FILMMAKER HELPS RESTORE TOWN DEVASTATED BY HURRICANESby Larry Rosen
For filmmaker Steven James Creazzo, the town of Prattsville New York is like a second home. As a child the award winning filmmaker used to spend 1-2 weekends a month with his family in the small Hudson Valley town for snowmobile riding and filming there with his friends. In 2011 the town was devastated by what Gov. Andrew Cuomo labeled as the place in New York State hit hardest by Hurricane Irene. In 2012 they were hit again by Hurricane Sandy. Creazzo’s goal was to help get the town and the area back on its feet and give some “real positive, productive light on the Catskill area.” Through his company Dreamality Entertainment (http://www.dreamalityentertainment.biz/ ), his award winning film My Little Demon was filmed entirely in Prattsville just 2 months before Hurricane Irene hit.
His new film, The Killing Time starring Michael Paré and Lance Henriksen will also be filmed entirely in Prattsville. Although the film hasn't been released, Creazzo expects to make a sequel, maybe even a trilogy. The next film possibly around Kingston, New York, about 45 miles south east of Prattsville. Future projects he expects to film in this area include Dying Breed with John Schneider, Courtney Gains and Miracle Laurie and the film Climbing Life, of which Lee Majors (best known for his roles as Steve Austin the 6 Million Dollar Man and Colt Seavers in The Fall Guy) called him personally to convey his interest in being part of the film. Creazzo was thrilled. “I almost didn't answer the phone when I saw the number because I didn't know who it was. When my wife asked me later, 'How was your day?' I said, 'You're not going to believe this!'”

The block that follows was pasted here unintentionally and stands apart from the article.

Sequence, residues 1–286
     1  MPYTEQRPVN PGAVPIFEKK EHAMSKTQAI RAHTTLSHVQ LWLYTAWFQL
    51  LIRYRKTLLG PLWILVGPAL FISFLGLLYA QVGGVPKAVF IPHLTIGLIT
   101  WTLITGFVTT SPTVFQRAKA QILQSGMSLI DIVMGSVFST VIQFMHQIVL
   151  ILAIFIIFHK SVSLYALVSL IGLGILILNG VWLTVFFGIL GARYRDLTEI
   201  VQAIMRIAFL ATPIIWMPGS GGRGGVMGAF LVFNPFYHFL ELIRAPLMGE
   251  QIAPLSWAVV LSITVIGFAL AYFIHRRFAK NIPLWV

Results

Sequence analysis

So what does all this filming mean for the area? Simply put, more jobs and more revenue. Jobs include actors, equipment technicians, camera operators, editors, photographers and set and exhibit designers. Revenue gets created through increased spending on caterers, car/truck rental companies, restaurants, fuel/service stations, equipment rentals, etc. Most of his films go through the traditional funding route although some are going through crowd funding; a process whereby people contribute money however they can to help finance a film. While this will raise revenue for the Hudson Valley area, the problem is awareness that this area is available. “What they need is press up in the Hudson Valley. NBC, CBS...” He also plans to contact local radio stations like WHUD to raise awareness to filming in the area. Plans are also in place to build an entire studio on a 500 acre lot that will allow filmmakers from all across the country to be able to film here.